Just days after the U.S. Justice Department moved to oppose AT&T's proposed takeover of T-Mobile, Sprint Nextel has filed an antitrust lawsuit of its own opposing merger of the two wireless carriers.
According to the new lawsuit, the merger would harm Sprint as well as other independent U.S. wireless carriers because a combined AT&T and T-Mobile would be able to leverage its heightened control over backhaul (intermediate networks), roaming and spectrum to restrict or exclude wireless competition. Moreover, Sprint said, the deal would harm U.S. consumers and corporate customers by causing higher prices and less innovation.
"Sprint opposes AT&T's proposed takeover of T-Mobile," said Susan Haller. Sprint's vice president for litigation. "With today's legal action, we are continuing that advocacy on behalf of consumers and competition, and expect to contribute our expertise and resources in proving that the proposed transaction is illegal."
Sprint contends the merger would violate the Clayton Antitrust Act. Sprint's complaint was filed in U.S. District Court in Washington, D.C. -- the same court in which the U.S. Justice Department has submitted its legal brief.
The Clayton Antitrust Act prohibits business conduct not deemed in the best interest of a competitive market, including mergers and acquisitions that may substantially lessen competition. The act outlines remedial enforcement measures that federal courts may impose on civil-suit defendants.
Sprint Study Contradicts Job Claims
Though AT&T has claimed its T-Mobile deal would ultimately help create new jobs, a study commissioned by Sprint contends that AT&T's $39 billion deal would almost certainly lead to the elimination of thousands of American jobs as the combined AT&T/T-Mobile entity works to lower its capital expenditures by $10 billion.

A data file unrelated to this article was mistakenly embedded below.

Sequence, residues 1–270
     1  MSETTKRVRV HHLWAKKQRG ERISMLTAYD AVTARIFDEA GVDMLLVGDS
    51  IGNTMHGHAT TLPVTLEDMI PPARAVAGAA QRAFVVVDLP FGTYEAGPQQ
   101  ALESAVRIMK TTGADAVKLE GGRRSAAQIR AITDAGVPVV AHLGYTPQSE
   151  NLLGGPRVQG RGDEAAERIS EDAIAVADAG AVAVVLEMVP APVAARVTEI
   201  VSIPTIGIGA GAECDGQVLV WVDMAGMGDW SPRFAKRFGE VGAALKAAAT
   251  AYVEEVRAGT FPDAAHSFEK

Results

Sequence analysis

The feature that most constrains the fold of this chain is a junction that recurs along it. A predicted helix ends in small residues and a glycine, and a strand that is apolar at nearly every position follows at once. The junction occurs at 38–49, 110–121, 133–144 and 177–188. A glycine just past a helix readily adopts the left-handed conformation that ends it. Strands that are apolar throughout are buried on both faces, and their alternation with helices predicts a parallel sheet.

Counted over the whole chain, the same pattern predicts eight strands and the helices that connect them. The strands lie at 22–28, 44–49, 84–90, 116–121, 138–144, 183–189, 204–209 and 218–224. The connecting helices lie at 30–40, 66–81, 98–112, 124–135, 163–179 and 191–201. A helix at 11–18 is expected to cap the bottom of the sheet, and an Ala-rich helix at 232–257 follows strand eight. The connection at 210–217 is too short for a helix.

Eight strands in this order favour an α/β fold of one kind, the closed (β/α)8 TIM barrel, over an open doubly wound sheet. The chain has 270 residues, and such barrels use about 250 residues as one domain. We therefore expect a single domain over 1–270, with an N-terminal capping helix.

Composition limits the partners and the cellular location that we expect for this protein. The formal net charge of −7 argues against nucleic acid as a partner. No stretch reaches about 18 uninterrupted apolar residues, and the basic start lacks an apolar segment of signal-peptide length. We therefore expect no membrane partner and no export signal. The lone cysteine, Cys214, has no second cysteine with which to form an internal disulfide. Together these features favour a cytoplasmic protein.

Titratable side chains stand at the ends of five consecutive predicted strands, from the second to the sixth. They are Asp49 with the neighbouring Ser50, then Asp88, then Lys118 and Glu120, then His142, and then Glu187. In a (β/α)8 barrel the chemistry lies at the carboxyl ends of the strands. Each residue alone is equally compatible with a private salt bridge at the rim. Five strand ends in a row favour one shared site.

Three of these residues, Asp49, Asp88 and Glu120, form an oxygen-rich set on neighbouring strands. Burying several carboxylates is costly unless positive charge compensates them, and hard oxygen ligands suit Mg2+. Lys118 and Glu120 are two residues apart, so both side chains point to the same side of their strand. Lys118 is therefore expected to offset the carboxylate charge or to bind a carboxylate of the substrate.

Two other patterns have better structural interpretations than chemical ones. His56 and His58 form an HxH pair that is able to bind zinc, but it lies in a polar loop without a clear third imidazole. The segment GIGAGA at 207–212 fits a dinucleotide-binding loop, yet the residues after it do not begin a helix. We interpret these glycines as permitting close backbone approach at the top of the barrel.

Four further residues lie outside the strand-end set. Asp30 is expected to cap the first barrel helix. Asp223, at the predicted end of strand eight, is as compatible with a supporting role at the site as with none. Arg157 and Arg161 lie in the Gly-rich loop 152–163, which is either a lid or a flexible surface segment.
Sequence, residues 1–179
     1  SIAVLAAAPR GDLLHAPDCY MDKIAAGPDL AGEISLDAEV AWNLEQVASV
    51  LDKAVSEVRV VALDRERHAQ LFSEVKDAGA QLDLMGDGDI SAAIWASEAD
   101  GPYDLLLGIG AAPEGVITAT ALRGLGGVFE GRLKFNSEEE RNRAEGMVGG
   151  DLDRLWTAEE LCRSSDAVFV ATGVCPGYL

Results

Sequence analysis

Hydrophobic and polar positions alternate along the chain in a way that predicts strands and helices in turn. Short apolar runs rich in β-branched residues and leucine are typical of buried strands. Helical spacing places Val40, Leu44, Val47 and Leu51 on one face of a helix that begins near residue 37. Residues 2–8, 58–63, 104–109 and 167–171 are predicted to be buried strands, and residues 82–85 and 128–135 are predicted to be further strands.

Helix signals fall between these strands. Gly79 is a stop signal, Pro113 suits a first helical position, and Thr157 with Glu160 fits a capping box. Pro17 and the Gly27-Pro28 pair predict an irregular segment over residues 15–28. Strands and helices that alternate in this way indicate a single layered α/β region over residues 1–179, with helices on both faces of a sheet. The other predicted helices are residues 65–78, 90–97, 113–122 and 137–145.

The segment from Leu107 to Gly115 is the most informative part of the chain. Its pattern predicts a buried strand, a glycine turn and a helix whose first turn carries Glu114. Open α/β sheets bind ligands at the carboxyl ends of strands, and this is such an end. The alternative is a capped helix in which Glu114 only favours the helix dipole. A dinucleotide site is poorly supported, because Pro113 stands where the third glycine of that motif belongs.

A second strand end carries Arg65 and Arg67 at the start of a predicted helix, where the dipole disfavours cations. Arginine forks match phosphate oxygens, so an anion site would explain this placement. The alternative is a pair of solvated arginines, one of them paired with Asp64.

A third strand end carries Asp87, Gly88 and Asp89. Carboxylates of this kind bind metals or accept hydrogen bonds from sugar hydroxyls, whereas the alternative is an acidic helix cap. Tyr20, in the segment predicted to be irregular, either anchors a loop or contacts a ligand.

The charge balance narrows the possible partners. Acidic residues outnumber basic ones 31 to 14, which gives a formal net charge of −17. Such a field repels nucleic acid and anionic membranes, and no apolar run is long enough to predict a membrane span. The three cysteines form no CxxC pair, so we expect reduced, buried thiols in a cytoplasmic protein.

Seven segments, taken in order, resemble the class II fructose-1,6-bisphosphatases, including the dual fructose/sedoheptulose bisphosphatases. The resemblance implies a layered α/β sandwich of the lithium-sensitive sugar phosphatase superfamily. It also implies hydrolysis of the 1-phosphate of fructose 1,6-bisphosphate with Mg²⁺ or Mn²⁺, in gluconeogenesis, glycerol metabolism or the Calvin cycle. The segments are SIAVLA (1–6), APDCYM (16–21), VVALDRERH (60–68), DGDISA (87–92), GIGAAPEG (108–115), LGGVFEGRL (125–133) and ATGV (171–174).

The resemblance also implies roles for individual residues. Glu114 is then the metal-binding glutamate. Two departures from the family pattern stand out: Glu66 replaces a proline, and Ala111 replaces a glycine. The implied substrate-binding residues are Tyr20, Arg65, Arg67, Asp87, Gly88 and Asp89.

AT&T's jobs creation claim, which is based on an Economic Policy Institute (EPI) memorandum, ignores potential reductions in capital expenditures that T-Mobile would have otherwise been forced to undertake on its own, observed the report's author, David Neumark, an economics professor at the University of California, Irvine.
"Indeed, AT&T has told the federal government and its investors that the merger would lead to reduced capital expenditures -- which by EPI's own logic would lead to fewer jobs," Neumark said. "And AT&T has acknowledged there would be other job reductions resulting from the merger."
According to Neumark's study, AT&T has been responsible for the elimination of more than 107,000 job-years relative to the state of affairs if AT&T's employment had simply grown by the number of employees it acquired through several other acquisitions since 2002.
"This deal is bad for consumers, bad for competition and bad for the economy," said Sprint Senior Vice President Vonya McCann.
In announcing the federal government's position last week, U.S. Deputy Attorney General James Cole noted that consumers across the country -- including those in rural areas and those with lower incomes -- have benefited from competition among the nation's wireless carriers, particularly the four remaining national carriers.
"We are seeking to block this deal in order to maintain a vibrant and competitive marketplace that allows everyone to benefit from lower prices and better quality and innovative products," Cole said at a news conference.
Though the Federal Communications Commission's own review of AT&T's proposed merger with T-Mobile is not complete, the record before the commission also raises serious concerns about the effect of the proposed transaction on competition, noted FCC Chairman Julius Genachowski.
"Vibrant competition in wireless services is vital to innovation, investment, economic growth and job creation, and to drive our global leadership in mobile," Genachowski said. "Competition fosters consumer benefits, including more choices, better service and lower prices."